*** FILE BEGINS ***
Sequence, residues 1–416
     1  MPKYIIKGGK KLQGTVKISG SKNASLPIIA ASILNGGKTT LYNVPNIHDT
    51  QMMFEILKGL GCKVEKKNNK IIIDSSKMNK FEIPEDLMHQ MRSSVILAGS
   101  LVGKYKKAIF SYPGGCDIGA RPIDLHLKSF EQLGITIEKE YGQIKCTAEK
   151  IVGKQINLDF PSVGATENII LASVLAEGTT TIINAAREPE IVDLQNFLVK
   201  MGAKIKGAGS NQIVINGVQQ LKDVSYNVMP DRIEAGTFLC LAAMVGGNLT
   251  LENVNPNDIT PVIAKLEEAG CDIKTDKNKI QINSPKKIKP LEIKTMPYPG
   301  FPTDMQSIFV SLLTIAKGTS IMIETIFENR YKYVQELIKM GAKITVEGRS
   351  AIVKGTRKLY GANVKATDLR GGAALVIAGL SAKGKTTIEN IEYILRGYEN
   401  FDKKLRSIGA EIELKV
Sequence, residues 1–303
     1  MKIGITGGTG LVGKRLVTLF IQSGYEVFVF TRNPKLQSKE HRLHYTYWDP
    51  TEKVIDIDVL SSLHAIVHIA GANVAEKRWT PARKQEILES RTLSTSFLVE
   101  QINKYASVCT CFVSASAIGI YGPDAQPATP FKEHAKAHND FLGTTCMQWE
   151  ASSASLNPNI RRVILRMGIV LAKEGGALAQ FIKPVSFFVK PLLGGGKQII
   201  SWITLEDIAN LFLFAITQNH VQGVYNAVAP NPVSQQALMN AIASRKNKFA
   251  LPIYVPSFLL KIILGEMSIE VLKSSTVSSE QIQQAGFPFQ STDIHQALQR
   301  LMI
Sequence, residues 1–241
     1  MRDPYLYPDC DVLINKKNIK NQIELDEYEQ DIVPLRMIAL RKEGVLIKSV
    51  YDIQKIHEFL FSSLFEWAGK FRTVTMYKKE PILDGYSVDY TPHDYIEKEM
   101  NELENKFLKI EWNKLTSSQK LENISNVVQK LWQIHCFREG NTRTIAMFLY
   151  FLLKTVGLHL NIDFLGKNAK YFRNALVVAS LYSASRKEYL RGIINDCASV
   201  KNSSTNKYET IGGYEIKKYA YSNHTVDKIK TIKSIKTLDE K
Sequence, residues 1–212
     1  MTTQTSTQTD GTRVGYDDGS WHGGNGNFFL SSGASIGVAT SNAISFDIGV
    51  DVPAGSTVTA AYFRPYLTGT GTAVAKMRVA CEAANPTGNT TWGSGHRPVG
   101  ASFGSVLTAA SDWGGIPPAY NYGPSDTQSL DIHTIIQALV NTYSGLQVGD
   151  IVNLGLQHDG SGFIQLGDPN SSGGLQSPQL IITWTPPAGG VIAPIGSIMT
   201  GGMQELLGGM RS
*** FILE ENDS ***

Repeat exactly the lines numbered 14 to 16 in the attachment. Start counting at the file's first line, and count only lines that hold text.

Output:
   101  QINKYASVCT CFVSASAIGI YGPDAQPATP FKEHAKAHND FLGTTCMQWE
   151  ASSASLNPNI RRVILRMGIV LAKEGGALAQ FIKPVSFFVK PLLGGGKQII
   201  SWITLEDIAN LFLFAITQNH VQGVYNAVAP NPVSQQALMN AIASRKNKFA